1 Department of Psychology, Ajou University, Suwon, South Korea
2 Department of Global Business Management, KC University, Seoul, South Korea
3 Department of Business Administration, Ajou University, Suwon, South Korea
4 Department of Psychology, Kyungnam University, Changwon, South Korea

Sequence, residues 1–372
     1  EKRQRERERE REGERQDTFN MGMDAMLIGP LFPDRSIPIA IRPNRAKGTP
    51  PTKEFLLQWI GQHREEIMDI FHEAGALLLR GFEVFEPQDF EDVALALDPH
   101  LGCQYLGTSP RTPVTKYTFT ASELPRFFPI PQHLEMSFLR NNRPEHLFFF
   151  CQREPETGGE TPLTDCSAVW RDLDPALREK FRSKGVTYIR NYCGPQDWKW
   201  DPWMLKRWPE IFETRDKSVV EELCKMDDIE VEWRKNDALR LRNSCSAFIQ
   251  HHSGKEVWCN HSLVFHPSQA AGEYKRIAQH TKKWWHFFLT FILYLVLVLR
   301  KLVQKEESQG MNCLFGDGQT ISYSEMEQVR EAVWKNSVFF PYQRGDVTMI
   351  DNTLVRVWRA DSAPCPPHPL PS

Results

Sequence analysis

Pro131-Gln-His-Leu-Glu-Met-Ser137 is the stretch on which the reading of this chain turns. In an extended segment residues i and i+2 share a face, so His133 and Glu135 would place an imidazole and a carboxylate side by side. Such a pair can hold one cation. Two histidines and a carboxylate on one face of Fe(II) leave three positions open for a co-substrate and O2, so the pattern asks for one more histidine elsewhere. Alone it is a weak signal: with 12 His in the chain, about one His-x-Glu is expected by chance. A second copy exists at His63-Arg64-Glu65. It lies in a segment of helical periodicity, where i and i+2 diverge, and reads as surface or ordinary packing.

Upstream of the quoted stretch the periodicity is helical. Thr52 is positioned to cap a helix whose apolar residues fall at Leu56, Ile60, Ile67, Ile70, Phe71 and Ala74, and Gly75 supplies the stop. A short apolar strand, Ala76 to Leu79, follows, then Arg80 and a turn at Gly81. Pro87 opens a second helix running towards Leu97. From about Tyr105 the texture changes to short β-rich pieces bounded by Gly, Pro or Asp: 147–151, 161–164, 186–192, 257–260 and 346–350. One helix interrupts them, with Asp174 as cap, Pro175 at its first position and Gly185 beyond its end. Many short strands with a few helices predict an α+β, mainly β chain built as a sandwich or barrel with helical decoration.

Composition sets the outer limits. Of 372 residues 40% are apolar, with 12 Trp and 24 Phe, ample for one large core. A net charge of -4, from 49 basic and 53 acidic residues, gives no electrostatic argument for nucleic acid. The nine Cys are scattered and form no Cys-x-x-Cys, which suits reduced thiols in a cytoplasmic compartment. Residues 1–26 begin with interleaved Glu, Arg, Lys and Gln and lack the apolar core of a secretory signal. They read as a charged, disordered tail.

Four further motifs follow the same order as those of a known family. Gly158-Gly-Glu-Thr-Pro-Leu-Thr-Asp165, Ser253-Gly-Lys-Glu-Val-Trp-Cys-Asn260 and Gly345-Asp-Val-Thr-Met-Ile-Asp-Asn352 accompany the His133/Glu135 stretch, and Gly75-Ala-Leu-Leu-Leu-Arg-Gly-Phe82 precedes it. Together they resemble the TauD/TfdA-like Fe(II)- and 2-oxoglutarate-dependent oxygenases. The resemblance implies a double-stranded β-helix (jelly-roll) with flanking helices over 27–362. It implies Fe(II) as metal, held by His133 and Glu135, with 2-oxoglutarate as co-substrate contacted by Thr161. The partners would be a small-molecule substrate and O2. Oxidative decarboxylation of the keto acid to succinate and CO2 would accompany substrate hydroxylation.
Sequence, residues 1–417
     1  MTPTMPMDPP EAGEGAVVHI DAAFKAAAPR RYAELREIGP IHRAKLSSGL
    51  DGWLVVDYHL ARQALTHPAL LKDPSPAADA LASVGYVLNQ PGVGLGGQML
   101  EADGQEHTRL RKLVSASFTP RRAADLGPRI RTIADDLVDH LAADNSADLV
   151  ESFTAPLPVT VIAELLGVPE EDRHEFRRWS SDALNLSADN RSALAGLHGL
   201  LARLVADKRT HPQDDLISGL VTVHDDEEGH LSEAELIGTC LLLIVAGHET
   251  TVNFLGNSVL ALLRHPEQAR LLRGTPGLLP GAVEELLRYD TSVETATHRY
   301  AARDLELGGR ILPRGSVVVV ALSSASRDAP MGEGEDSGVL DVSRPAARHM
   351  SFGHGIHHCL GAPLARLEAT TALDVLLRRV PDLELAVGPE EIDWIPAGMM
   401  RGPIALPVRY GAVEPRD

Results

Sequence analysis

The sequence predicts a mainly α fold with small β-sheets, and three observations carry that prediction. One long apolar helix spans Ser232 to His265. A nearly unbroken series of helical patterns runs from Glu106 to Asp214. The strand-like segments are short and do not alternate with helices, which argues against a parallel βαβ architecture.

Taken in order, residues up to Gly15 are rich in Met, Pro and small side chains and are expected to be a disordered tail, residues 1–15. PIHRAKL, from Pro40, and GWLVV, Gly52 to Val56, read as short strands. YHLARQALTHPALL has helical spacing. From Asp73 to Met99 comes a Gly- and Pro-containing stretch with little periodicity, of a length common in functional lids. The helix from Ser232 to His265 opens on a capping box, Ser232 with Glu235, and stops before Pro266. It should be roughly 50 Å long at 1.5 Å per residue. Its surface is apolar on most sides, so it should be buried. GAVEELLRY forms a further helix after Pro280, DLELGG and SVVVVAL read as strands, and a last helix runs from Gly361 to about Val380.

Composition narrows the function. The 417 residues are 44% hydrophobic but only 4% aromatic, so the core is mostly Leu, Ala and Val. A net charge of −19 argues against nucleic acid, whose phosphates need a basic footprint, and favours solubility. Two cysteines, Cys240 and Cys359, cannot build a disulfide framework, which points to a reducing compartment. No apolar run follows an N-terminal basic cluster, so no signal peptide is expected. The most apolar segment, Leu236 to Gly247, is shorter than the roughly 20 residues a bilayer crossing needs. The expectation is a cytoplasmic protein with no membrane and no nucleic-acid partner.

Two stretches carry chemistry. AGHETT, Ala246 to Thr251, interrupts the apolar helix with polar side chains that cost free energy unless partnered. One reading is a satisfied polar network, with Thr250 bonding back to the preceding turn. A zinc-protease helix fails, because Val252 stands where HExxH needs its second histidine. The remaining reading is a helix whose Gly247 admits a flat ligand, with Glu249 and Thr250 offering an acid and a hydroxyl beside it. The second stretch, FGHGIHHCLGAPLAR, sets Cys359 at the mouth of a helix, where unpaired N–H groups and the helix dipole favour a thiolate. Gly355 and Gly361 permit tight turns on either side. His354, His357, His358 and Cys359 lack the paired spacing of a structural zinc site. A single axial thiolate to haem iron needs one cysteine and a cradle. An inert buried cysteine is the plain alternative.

How important gratitude is in terms of helping people to overcome their mental discomfort and behave adaptively? Conflicting evidence has appeared about the effects of gratitude on work engagement, and other aspects of life. In the present study, gratitude intervention was introduced to test it in the Nepali population who experienced a natural disaster, the Gorkha earthquake in 2015. Positive and negative affect, work engagement, and perceived damage were measured before, during, and after the intervention. Participants were sampled from the employees of 5-star hotel in Kathmandu valley and were assigned to one of the three conditions: Gratitude, Job Diary, and No Exposure. In gratitude, they were asked to write the names of 3 grateful people. Participants of Job Diary were instructed to write 3 major duties. No intervention was given to participants in No Exposure. This exercise lasted for two weeks. Only those in Gratitude showed increased positive affect and work engagement and decreased negative affect during this intervention. These positive changes seemed related to decreased perceived damage of a natural disaster. Even though there have been mixed results about the effect of gratitude, findings of the present study showed that it is robust even against a real disaster. Conducting research with survivors against natural disasters is extremely difficult, but more effort should be made with those who have similar experiences.
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